Microsoft issued 11 security bulletins on Patch Tuesday covering a total of 17 vulnerabilities, 10 of them critical. The 11 patches address the Windows operating system, the Internet Explorer Web browser, Microsoft Office and other programs.
"While the batch of critical vulnerabilities all require some sort of user interaction to exploit, the interaction can be as simple as visiting a trusted Web site that has first been exploited by an attacker," said Ben Greenbaum, senior research manager for Symantec Security Response.
As consumers and enterprises become more savvy to security risks, he added, attackers are finding ways to distribute malware through trusted sites in addition to distributing via an attachment or random link in an e-mail.
"These vulnerabilities underscore the importance of having a full security suite to protect consumers and enterprises from being exploited since they can no longer only rely on traditional best practices alone, such as avoiding unknown or unexpected e-mail attachments or following Web links from unknown sources," Greenbaum said.
Happy Valentine's Day
"This month's patches are going to require a great deal of man-hours for IT admins, from determining what is affected to the testing and deployment processes. IT administrators might be spending this Valentine's Day in the office," said Paul Zimski, senior director of market strategy at Lumension Security.
"Because we are so used to trusting and opening Office attachments, the fact that there are three critical patches for Office opens up a huge window for a potential attack, whether general or targeted," Zimski said.
Indeed, five of the 11 advisories this month are client-side issues that are part of the daily experience for users. These are likely responses from Microsoft to specific, targeted attacks that have been building up over the past few months.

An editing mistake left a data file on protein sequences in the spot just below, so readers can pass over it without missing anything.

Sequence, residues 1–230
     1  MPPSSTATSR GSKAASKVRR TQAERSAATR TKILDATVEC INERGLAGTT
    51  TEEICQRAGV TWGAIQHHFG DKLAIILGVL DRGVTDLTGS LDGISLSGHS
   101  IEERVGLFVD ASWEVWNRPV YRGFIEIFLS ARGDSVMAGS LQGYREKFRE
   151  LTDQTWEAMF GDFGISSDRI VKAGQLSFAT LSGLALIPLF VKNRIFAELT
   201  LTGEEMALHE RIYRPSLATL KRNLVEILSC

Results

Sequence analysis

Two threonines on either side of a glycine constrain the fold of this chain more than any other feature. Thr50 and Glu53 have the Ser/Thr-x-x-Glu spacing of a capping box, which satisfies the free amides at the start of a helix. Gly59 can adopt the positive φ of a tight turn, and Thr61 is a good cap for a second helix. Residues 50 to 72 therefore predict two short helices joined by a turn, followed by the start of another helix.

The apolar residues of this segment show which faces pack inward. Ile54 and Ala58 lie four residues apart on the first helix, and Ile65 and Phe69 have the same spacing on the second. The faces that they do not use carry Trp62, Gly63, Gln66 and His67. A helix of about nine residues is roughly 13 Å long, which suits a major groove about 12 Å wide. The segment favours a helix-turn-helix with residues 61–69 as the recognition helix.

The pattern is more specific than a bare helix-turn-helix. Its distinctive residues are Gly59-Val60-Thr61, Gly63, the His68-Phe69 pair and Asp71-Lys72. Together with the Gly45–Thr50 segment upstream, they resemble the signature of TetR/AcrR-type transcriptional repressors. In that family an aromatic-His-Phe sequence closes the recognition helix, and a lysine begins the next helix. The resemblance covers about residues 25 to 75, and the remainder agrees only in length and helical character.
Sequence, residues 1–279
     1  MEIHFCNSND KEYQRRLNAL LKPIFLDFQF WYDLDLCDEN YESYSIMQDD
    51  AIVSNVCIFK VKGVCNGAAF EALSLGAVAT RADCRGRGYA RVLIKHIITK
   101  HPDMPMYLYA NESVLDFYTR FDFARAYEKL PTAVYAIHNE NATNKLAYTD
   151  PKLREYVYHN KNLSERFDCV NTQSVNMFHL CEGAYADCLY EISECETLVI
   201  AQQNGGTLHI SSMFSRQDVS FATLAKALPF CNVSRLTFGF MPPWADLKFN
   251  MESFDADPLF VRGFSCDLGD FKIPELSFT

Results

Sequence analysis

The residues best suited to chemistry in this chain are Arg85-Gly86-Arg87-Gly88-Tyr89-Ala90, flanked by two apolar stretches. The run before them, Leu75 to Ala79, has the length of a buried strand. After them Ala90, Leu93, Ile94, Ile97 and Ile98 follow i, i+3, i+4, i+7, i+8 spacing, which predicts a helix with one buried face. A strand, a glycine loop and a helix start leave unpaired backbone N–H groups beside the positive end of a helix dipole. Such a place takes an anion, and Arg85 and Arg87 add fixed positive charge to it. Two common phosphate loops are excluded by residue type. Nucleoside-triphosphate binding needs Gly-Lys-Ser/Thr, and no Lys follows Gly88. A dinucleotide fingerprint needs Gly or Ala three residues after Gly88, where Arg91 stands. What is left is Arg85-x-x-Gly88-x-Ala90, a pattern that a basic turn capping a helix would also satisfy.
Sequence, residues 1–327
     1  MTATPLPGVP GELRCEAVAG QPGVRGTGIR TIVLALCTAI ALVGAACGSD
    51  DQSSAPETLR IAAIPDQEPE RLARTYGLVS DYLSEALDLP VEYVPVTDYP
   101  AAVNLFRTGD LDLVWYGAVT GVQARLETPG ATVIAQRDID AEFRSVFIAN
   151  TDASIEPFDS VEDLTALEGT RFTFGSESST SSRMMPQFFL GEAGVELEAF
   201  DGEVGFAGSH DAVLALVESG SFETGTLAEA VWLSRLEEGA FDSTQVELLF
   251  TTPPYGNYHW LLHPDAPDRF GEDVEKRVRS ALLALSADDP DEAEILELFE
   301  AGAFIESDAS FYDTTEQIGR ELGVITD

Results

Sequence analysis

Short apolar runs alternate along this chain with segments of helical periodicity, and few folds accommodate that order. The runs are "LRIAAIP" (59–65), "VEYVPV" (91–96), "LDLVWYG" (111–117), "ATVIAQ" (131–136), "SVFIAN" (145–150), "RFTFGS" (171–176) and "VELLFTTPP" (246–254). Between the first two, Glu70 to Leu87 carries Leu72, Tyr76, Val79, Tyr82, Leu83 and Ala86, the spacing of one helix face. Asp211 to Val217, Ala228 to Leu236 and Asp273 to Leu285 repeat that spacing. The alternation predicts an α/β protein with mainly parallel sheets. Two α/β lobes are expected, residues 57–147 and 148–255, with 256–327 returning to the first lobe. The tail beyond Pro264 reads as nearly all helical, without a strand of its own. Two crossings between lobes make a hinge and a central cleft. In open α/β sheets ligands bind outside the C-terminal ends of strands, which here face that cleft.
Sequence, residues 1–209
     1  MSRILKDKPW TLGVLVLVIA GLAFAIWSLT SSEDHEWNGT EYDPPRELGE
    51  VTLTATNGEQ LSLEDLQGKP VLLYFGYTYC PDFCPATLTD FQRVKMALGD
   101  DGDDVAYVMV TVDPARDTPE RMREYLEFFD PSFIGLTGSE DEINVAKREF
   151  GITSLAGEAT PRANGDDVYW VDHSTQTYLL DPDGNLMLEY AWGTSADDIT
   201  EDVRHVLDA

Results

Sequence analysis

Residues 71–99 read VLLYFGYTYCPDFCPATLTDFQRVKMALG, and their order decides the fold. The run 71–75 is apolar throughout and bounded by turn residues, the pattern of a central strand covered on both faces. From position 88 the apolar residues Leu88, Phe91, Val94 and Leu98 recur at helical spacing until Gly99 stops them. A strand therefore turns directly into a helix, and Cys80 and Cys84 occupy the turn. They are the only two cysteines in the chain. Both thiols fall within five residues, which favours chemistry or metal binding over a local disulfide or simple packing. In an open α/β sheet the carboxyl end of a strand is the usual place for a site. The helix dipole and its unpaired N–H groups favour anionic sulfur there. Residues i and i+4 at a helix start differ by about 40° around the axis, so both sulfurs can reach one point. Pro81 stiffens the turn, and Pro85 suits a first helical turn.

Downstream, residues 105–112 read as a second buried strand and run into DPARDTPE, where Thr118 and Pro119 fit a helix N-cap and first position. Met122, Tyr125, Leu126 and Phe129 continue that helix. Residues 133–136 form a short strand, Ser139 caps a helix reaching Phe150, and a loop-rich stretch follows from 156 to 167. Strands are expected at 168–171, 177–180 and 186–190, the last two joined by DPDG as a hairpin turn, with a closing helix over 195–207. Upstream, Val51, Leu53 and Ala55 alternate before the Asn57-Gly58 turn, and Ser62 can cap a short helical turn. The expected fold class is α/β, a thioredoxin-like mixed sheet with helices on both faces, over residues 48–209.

"This is bad news for enterprises," said Tyler Reguly, security researcher for nCircle, a security and compliance technology firm that works with companies like Visa, US Cellular and Archer Daniels Midland.
A Special Focus on IE
Qualys recommends organizations focus their attention first on MS08-010, which patches four individual flaws within Internet Explorer for a wide range of operating systems. If a user with an unpatched system visits a Web site with specially crafted HTML code embedded, the user is vulnerable to an exploit and complete remote takeover.
"While this is a replacement patch for MS07-069, released late last year, it is still important to apply because it affects so many different systems and requires very little user interaction to be exploited," said Jonathan Bitle, director of technical account management at Qualys.
Denials of Service
This month's monster patch is MS08-003. Although it is "only" a denial-of-service vulnerability, the impact on the availability of server and client resources could be extremely widespread in enterprise networks, Reguly said.
Another important advisory is MS08-004 -- also a denial-of-service vulnerability -- and the second TCP/IP advisory so far in 2008. This patch is critical because an exploited rogue DHCP server could leave large numbers of Vista workstations unavailable at initial boot, making it impossible for users to gain access to network services and stored information. "With the large-scale Vista conversions under way," Reguly noted, "this is of particular concern for large enterprises."
Where's the Excel Fix?
Noticeably absent from this month's release is a fix for a zero-day Excel vulnerability made public on Jan. 16 that is currently being widely exploited. As it stands, Bitle said, end users who open a specially crafted Excel spreadsheet that contains remote execution code can turn over control of their system to hackers.
"Microsoft did preannounce a Patch Tuesday release containing 12 patches, and today's release came up one short," Bitle remarked, "therefore it's unknown whether the removed patch could be related to this Excel zero-day threat."